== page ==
The leading theory on this that makes any sense at all was alluded to by the other physician above – Kevin Smith MD – some kind of viral reactivation. In other words, patients may have deactivated COVID particles lying around their upper airways or lungs that get activated when the immune system is distracted by the vaccine. The herpes virus family does this type of thing all the time. There is evidence that this could be happening in coronaviruses as well – although not as well worked out. There are other theories that are too abstruse to go into here. NO ONE is suggesting the vaccines are giving them COVID. NO ONE is suggesting that the vaccines should be effective in 8 hours. It is just the fact the timing and access to infection is all wrong – and something else must be going on to explain this scenario. It is much much too common to ignore.

        It is almost like an Agatha Christie locked-door mystery.

        I am a veteran of the AIDS crisis. These kinds of issues in the times when not much was known were common. The insights that came from many of these scenarios back then were critical for learning about the virus and its life cycle. I am certain this will be no different.

        It is imperative that when everyone runs across discussions among physicians on Twitter about these things – restrain yourselves. Do not insert yourselves unless you know what you are talking about. Read and learn and think. This is how we in medicine are going to get to the bottom of this pandemic. People in our time seem to forget the years it took to unravel AIDS; COVID will be no different. And it is still very early.

        1. drumlin woodchuckles

          Would it make sense for people scheduled for vaccination to marinate their bodies in the appropriate anti-virals so that they are full of anti-viral chemical when getting the vaccine? So that the anti-viral will keep suppressed any dormant coronavids which the vaccine distracts the body from keeping suppressed?

          1. IM Doc

            I think that would be a bad idea. Dormant or inactived viral particles are going to engender no immune response – so I think that would not be indicated.

      1. Yves Smith Post author

        Huh, while these #s clearly establish benefit, even the high end of the estimate range is lower than the claims made after the clinical trials.

  7. Miami Mitch

    Americans want the government to buy U.S.-made goods, even if they cost more Reuters. Resilc: “Too bad we only make tattoos, corn syrup and dating aps.”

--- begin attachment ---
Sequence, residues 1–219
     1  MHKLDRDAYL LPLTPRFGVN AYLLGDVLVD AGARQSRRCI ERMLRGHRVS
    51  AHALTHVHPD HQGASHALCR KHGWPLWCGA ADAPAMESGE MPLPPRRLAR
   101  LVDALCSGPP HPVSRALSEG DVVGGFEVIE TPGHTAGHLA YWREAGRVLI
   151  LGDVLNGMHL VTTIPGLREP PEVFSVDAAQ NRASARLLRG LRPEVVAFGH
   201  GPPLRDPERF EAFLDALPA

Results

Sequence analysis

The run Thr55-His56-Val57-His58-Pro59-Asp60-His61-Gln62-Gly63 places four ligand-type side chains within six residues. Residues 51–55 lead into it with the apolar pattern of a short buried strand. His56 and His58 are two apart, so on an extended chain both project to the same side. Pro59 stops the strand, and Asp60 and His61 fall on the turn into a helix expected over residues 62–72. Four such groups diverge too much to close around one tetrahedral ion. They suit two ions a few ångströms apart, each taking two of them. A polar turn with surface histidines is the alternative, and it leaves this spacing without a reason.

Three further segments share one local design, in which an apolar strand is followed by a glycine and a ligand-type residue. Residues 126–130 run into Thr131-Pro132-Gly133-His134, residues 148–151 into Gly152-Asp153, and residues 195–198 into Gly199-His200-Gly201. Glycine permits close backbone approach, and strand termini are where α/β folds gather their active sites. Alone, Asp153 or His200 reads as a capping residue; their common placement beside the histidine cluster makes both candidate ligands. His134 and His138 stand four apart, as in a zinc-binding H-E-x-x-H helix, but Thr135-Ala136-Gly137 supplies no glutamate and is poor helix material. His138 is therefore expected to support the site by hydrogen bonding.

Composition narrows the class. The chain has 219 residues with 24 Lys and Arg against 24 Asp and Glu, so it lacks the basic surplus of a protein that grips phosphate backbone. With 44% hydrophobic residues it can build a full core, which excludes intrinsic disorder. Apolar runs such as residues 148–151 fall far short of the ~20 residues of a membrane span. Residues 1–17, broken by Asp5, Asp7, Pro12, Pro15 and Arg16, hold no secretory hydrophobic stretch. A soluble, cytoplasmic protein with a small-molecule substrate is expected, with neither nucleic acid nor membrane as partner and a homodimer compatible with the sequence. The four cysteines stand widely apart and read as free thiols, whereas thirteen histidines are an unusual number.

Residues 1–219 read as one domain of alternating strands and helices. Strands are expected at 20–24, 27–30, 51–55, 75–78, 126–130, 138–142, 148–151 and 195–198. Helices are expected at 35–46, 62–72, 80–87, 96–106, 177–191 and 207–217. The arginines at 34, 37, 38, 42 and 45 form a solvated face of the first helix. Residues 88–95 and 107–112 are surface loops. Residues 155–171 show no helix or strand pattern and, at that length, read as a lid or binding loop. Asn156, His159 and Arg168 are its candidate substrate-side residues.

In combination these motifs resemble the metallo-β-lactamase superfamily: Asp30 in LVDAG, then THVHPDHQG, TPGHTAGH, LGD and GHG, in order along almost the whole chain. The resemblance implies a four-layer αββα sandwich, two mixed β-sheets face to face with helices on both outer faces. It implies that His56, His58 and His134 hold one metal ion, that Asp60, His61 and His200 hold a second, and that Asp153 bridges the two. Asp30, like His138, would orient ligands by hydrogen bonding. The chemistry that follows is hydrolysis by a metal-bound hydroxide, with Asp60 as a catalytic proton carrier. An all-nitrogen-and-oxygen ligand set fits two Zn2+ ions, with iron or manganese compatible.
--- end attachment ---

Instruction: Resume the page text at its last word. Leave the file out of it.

Reslic, don’t you know that tattoos, corn syrup and dating aps are the fuel of our fine military men and women? And poverty-drafted teenagers are our number one export!

    1. WobblyTelomeres

      Strongly suspect that the Pentagon is the primary opposition to Medicare for All, affordable college tuition, as well as a living wage (which you mentioned as the poverty draft) as those upset their primary recruiting tools.

      1. NotTimothyGeithner

        Higher education or trade education is probably more an issue for the Pentagon. Their recruiting base is usually pretty healthy and young anyway by virtue of being 18 to 25. The ones who need medical care are likely not capable of meeting army standards. Every soldier is a rifleman. The Internet tubes tell me they stopped advertising healthcare in the 80’s.

        Reserve specialists might be an issue, and keeping people in the Guard depending on the rules for veteran healthcare.

        1. WobblyTelomeres

          Hmm. Have met several marines who enlisted for the healthcare, and this has been in the past 8-9 years. Small sample size, I suppose.

  8. rl

    “Is the world going plant-based? It’s complicated”:

    Cultural relativism and a self-censorious populace have removed any possibility for the truly difficult conversations to be had. Naturally, any conversation about animal consumption has all but dissipated, while the epoch of destruction continues, uninterrupted in the Anthropocene era.

    Life has plummeted in ways previously thought unimaginable: from the ecological to the moral to the intellectual. Our desire to sate our curiosity is rarely a neutral act; it requires pulling nature apart and extracting only the resources we want, draining other living things of the habitats they need for survival.

    Appreciate the author putting it this way. Too often, even an otherwise sober critic will try to hedge around the bolded two to make the message more palatable to contemporary sensibilities … even as the world of mass-consumption matures into autophagia.

    But this strategy doesn’t make the message more palatable, not least because most people sense the hypocrisy. It’s just self-defeating.

    The author quotes Camus, “a man without ethics is a wild beast loosed upon himself.” Add: principles cannot be compromised, only abandoned.

    Thank you NC for including this article in Links; have saved it to my bookmarks.

  9. John Siman

    R.I.P., G. Gordon Liddy. Who else remembers that back in 1981 — forty years ago! — Liddy teamed up with fellow-ex-con Timothy Leary and embarked on a national Mutt ‘n’ Jeff barnstorming tour of America’s college campuses? Back when the USA still believed in serious fun! See “LearyLiddyDebates” https://youtu.be/P24Y83NaVv4